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Frank Grouard's Story of the Battle
37: Battle of the Rosebud
THE GENERAL [George Crook] asked me, upon my arrival in camp from my trip to the village of the friendly Crows, if I had any idea where the Sioux camp was. From all signs I had seen, I supposed they were on the Rosebud, and I so informed him. He told me that he wanted to start as soon as he could get ready. Two days afterward, the infantry was mounted on mules, and the command started for the Rosebud, leaving the wagon train upon the Big Goose about a mile from the works. We traveled in light marching order, taking as little with us as possible -- much less than we needed. The first night out, we camped on Tongue River near the mouth of Big Goose, the next morning starting off through the hills over to Badger Creek, sending out two parties of scouts from there to try and discover the Sioux village.
There being plenty of buffalo along the line of march, the Indians killed hundreds of them. Camping on the Rosebud, we ran onto a scouting party of Sioux just before reaching the river, but from the direction they took, I was satisfied the camp was on the Rosebud, down the stream. The next morning, we moved down toward the big bend of the Rosebud and went into temporary camp there to await the report of the scouts who had been sent out to discover the hostile village. We had not reached the big bend before we went into camp.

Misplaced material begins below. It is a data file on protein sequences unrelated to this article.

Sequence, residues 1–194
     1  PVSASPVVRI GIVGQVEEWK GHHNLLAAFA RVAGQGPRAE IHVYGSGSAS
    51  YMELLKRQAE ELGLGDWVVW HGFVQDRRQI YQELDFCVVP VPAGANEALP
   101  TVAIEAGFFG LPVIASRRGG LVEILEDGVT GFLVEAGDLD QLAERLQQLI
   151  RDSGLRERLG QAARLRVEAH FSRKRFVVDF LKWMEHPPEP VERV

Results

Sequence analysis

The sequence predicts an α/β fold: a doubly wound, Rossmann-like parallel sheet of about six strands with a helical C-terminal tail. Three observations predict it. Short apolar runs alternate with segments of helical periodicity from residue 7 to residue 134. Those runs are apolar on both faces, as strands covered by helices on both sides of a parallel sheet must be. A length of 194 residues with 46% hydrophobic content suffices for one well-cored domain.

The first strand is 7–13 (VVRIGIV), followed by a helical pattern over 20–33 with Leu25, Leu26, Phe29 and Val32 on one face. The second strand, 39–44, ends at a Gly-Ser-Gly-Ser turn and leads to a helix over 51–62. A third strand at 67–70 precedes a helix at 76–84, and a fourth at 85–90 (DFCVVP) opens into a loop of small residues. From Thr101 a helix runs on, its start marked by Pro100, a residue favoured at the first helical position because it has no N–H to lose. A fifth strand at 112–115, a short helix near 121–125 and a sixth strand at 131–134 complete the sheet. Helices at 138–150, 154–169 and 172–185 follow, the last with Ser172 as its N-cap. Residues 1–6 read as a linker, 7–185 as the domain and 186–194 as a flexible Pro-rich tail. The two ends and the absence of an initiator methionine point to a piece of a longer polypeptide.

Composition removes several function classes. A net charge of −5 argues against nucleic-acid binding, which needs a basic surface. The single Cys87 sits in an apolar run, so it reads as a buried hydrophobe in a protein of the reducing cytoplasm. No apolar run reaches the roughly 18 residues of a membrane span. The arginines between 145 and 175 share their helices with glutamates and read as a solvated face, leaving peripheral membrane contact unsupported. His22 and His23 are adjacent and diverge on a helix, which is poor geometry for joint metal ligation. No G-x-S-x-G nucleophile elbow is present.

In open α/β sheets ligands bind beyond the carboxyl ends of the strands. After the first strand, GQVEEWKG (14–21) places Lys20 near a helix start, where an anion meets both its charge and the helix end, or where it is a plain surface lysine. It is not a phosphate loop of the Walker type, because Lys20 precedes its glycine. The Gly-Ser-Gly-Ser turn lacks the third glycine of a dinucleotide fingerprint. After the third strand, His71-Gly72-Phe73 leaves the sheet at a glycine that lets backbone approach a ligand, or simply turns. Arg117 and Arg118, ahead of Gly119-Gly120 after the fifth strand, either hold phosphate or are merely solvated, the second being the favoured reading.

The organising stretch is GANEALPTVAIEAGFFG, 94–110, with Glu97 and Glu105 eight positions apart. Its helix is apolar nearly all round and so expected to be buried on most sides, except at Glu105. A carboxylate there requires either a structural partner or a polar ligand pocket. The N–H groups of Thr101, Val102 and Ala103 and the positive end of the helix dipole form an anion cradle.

It was the morning after the scouts had been sent out that the Sioux were reported to be coming in large numbers. Then we moved down to the big bend. There we laid down our arms and rested -- without unsaddling. Our Indian allies had caught up their horses, ready for anything thing that happened to turn up. The scouts commenced to come in then, telling us that the Indians were coming. Not having had much experience with the troops, I could not tell whether they were ready to meet the enemy or not, but I supposed that they were always ready for a fight and did not pay much attention to them. It was not long before an Indian they called Humpy, a little hunchbacked Sioux, came riding down over the hills as fast as his horse could carry him, hallooing "Sioux" as he came into camp, and he said the Sioux were charging on us, and, almost at the same time, you could hear the Sioux war cry.